2) Learn to play. Yup. Get a tone out of your hands. Helps. Contemplate (& experiment) on the subjects of touch:softness, digging in; attack and pick angle; dynamics, turn it up a little more than needed and use your hands to get everything from ppp to fff; pick shape, material and thickness.
Haha, that sounds like such an insult at first glance... but really, it's not. I thought all this "tone is in your hands" stuff was crap for the longest time, until i plugged into a TSL head for the first time. It's INCREDIBLY responsive to changes in touch, and it really showed me how badly my "touch" on the instrument sucked. I spent a couple weeks practicing unplugged, working on really nailing my finger articulations playing legato, and tried it again- night and day. Spens some intimate time with justyou and your guitar, no amp, and really listen to different ways of generating sounds.

-Drew
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post #8 of 29 (permalink) Old 04-06-2003, 03:40 PM
 
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I second the statement: Back off the gain and boost the mids....and don't be scared to crank the bejesus out of that head, get used to using your volume knob on your strat.

Another option, buy an eq pedal or something like a fulltone fatboost or some type of relatively clean boost pedal.

If you still can't get it to cut through (especially with a strat) then there is a bigger problem at hand.
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post #9 of 29 (permalink) Old 04-06-2003, 04:03 PM
 
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Re: Marshall JCM2000..need a little more. (Please help)

Quote:
Originally Posted by Scoff X
I am in this "emocore" (heavier emo, but not nasely like punk I guess)type of band the likes of taking back sunday and finch.
Like, screamo?

Quote:
The other guitarist uses some crate amp with a Boss distortion pedal board (Some all in one thing). His distortion is just like...WAY too much I guess is the best way to describe it. My amp doesn't seem to cut thru it and mantain a "heavy type sound".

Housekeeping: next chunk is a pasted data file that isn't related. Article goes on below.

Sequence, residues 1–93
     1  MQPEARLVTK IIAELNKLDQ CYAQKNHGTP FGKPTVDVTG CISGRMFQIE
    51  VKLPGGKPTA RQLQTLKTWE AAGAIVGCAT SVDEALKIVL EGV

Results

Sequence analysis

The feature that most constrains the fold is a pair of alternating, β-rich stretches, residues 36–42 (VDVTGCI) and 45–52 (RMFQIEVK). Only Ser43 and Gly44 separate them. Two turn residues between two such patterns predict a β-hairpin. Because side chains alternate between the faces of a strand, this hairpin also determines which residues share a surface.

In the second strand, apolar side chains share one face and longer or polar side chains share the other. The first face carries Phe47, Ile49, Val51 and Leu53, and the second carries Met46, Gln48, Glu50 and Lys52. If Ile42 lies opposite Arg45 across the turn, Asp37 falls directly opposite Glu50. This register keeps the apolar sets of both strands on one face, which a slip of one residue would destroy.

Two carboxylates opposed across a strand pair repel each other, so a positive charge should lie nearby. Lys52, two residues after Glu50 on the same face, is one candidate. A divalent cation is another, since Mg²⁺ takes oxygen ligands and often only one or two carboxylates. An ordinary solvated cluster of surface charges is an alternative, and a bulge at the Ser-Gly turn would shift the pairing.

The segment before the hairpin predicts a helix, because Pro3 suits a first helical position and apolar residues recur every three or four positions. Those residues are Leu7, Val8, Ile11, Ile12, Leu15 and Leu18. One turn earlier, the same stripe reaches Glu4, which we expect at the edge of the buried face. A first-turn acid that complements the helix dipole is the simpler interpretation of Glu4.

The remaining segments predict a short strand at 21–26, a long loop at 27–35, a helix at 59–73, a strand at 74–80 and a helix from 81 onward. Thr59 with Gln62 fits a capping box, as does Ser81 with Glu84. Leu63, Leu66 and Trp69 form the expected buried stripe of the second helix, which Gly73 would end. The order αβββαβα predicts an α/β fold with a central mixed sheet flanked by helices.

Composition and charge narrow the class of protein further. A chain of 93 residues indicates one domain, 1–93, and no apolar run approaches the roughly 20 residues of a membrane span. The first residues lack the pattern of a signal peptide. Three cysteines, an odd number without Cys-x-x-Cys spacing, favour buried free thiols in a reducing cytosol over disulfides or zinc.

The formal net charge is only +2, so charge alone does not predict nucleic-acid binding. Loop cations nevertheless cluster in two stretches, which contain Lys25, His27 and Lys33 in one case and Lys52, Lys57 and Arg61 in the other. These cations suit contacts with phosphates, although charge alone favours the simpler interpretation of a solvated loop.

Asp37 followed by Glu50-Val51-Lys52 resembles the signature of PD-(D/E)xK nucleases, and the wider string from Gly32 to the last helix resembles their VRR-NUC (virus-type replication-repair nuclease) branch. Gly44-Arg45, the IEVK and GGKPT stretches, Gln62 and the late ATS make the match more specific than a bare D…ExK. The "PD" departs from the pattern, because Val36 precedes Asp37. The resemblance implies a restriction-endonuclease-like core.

Ironically, the other guitarist in my band has the same setup, with an Epiphone Les Paul. He uses a Crate 2x12 combo of some sort on clean, with the Boss OD-10 doing the distortion. I find his tone is really tight and trebly, has a lot of bite to it. So I use a really heavy, Rectifier type tone, with my 7-string, and it balances out

Keep one thing in mind: You do not want to "cut through", despite that being the natural thought at first. You want to blend into the mix and make the whole band sound good as a whole, not just have everyone hear you.
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post #10 of 29 (permalink) Old 04-06-2003, 04:34 PM
 
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Re: Marshall JCM2000..need a little more. (Please help)

Quote:
Originally Posted by Two hands31
Keep one thing in mind: You do not want to "cut through", despite that being the natural thought at first. You want to blend into the mix and make the whole band sound good as a whole, not just have everyone hear you.
Bingo. Twohands, i wish i found this place when i was the age you were when you did- i'd be a MUCH more intelligent guitarist for it. It took me a LONG time to learn that lesson.

Scoff X- ever heard of a group called Count the Stars? They're on Victory too, and have been touring a bit with Taking back Sunday... Their drummer was a childhood friend of mine, although i haven't seen much of him in the last 4-5 years... i might be biased, but the only TBS stuff i've heard is on this promo sampler disc with some Somehow Hollow, TBS, and CTS on it, and personally i feel the Count the Stars stuff is the best stuff on the disc. It's not really my thing- too light and poppy- but they do it very well.... Check 'em out.

-Drew
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post #11 of 29 (permalink) Old 04-08-2003, 10:31 PM Thread Starter
 
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I have heard count the stars, they are good. TBS is my fav so far.
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post #12 of 29 (permalink) Old 04-08-2003, 10:51 PM
 
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Cool... More importantly, played with your settings yet? I'm curious to hear how this one resolves for you.

Also, what are you using for pickups?

-Drew
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post #13 of 29 (permalink) Old 05-02-2003, 07:28 PM
 
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G'day Scott X,

I also have a Marshall JCM2000 DSL 100 watt head and have pretty much experienced exactly what you have.

The other guitarist's tone sounds crunchy yeah? and when he and you are both playing together your tone sounds vacant, no power...

What I did to fix the problem was get a Boss GE-7 EQ pedal. I've tweaked these settings a bit to crunch up the tone a bit.

My settings for the "ultra gain" channel are:
Lead 2, Gain 5
Tone shift and Deep buttons NOT pressed
Presence 7
Treble 8
Mid 6.5
Bass 2

The EQ is set to boost the highs and mids.

I also pulled two of the EL34 tubes out (outer two) to make the amp effectively a 50watt head. This way I can crank the volume and not have everyone go deaf.

wil..
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post #14 of 29 (permalink) Old 05-02-2003, 08:13 PM
 
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Try RFT (ECC83) tubes, bro.
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post #15 of 29 (permalink) Old 05-02-2003, 09:46 PM Thread Starter
 
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Did you have to change the ohms on the back when you took out the tubes?